I'm having some trouble figuring out /how/ the bind operator would actually bind together the following State monads:

```
pop :: State [Int] Int
pop = do
(x:xs) <- get
put xs
return x
push :: Int -> State [Int] ()
push x = do
xs <- get
put (x:xs)
doStuff :: State [Int] ()
doStuff = do
pop
x <- pop
push 5
push x
```

Take `doStuff`

, which can be desugared to the following:

```
pop >>= (\_ -> pop >>= (\x -> push 5 >>= (\_ -> push x)))
```

When this line is evaluated, in what order does the binding actually happen? Since, to actually bind, Haskell needs to get a State monad out of the function on the right of the `>>=`

operator (i.e. the function right operands need to be fully evaluated first), I would've thought that the following would happen:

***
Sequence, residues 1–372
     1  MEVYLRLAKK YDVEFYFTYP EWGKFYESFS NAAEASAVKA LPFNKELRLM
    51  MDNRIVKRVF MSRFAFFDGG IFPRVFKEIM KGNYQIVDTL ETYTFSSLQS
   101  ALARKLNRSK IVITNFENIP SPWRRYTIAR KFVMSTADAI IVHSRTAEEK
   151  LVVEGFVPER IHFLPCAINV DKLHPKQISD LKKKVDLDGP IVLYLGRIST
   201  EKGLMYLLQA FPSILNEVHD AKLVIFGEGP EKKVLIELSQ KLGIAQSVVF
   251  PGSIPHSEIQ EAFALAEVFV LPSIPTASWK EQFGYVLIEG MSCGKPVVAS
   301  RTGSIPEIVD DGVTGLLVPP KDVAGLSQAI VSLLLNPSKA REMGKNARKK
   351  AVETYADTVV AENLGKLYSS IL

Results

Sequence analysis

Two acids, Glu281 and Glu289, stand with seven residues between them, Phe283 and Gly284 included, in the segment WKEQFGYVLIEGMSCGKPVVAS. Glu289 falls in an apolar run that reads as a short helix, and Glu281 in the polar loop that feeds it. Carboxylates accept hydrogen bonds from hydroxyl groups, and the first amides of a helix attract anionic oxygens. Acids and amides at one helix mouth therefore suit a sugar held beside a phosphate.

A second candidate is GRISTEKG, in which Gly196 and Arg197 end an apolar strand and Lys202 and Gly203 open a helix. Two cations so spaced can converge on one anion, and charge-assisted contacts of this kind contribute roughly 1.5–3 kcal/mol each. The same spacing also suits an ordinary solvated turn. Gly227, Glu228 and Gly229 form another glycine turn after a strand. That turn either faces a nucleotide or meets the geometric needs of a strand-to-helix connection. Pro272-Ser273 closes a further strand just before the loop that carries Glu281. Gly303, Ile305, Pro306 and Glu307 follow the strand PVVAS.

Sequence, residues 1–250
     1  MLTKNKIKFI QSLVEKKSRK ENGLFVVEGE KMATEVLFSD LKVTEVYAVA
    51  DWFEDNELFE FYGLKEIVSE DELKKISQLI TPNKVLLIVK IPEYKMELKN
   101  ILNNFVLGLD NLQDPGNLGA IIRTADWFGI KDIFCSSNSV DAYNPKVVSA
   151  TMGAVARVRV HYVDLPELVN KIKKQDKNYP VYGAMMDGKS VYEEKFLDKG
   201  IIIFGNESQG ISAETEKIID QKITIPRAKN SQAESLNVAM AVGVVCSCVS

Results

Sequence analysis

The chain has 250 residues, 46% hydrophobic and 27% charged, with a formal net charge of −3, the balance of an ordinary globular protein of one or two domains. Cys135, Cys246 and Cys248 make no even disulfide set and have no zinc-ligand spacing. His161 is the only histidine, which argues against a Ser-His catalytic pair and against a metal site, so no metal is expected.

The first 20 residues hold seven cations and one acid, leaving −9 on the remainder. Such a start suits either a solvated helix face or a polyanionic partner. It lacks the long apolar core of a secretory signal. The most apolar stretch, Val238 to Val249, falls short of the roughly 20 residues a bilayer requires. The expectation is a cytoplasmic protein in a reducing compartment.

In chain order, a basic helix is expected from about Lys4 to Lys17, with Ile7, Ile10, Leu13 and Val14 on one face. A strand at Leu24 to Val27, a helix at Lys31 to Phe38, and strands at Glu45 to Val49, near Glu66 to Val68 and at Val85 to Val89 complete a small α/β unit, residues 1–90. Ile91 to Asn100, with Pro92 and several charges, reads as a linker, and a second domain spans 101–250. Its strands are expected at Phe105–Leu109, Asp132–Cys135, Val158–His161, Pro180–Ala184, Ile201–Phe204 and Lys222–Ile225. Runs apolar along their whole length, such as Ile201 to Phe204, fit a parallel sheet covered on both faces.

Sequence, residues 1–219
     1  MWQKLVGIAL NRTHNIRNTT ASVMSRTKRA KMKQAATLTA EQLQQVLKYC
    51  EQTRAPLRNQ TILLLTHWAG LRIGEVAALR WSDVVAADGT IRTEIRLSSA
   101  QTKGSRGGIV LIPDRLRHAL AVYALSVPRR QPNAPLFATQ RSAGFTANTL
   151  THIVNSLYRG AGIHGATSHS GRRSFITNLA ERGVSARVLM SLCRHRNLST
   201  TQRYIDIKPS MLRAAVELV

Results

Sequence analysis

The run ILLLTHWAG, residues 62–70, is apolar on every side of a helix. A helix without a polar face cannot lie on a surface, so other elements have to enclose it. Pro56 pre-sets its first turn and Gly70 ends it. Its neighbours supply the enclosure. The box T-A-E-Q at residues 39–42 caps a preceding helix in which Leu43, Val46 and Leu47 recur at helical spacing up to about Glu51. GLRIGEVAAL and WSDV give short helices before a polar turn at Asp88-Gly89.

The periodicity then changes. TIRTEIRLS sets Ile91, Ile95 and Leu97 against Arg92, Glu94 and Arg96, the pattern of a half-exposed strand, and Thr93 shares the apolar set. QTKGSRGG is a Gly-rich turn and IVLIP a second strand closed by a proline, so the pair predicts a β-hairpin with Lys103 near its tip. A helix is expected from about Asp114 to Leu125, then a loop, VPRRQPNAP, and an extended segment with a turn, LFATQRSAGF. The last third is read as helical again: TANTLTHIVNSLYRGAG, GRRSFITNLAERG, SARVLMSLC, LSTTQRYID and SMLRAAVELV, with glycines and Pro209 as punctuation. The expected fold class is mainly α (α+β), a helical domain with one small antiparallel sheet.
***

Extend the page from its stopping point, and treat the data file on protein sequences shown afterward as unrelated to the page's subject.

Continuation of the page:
- s1 =
`push 5 >>= (\_ -> push x)`

- s2 =
`pop >>= (\x -> s1)`

- s3 =
`pop >>= (\_ -> s2)`

Is this the right way to think about it? I feel that I understand monads well, but my biggest problem is in actually visualising what's happening "behind the scenes" and how the data is flowing, so to speak. The `do`

notation gives the illusion that I'm dealing with a bunch of sequential operations, when in fact, there's a whole bunch of nesting and closures.

I feel somewhat like I'm over-thinking things here and further confusing myself as a result.

`>>=`

from the state monad to get a feel for what happens. There's nothing special going on, just ordinary evaluation. – augustss Apr 10 '13 at 13:09rightway to think about it. You can easily see that by trying different ways of evaluation. The result will always be the same. – Niklas B. Apr 10 '13 at 18:47